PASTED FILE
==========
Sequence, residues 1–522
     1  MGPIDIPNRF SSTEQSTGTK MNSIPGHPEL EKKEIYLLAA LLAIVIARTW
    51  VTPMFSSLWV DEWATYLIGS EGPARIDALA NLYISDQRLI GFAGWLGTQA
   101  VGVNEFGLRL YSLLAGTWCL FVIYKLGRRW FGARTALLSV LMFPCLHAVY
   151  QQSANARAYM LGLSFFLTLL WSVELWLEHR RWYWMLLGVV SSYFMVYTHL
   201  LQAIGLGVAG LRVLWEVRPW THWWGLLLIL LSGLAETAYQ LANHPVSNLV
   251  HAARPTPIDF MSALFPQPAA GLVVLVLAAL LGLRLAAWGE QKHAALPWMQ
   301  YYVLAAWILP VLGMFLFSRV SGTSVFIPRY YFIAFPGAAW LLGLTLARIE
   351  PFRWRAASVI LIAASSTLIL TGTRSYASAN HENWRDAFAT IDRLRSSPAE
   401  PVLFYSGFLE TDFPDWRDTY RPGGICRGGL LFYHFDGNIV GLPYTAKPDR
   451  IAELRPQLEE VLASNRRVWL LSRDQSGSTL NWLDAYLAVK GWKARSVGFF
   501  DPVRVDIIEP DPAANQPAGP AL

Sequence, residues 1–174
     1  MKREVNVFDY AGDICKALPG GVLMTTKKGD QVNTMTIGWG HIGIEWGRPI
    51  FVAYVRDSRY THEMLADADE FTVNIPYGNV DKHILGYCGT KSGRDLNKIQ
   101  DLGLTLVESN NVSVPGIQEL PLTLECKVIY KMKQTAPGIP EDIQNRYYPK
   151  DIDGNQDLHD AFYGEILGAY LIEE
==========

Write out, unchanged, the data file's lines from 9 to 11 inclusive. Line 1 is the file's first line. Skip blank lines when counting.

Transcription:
   351  PFRWRAASVI LIAASSTLIL TGTRSYASAN HENWRDAFAT IDRLRSSPAE
   401  PVLFYSGFLE TDFPDWRDTY RPGGICRGGL LFYHFDGNIV GLPYTAKPDR
   451  IAELRPQLEE VLASNRRVWL LSRDQSGSTL NWLDAYLAVK GWKARSVGFF